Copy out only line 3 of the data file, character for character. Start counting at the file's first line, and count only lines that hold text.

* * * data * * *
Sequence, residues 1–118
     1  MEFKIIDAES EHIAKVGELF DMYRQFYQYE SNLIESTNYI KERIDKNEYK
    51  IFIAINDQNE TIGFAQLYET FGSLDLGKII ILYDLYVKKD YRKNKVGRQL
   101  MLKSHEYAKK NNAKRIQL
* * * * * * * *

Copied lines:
    51  IFIAINDQNE TIGFAQLYET FGSLDLGKII ILYDLYVKKD YRKNKVGRQL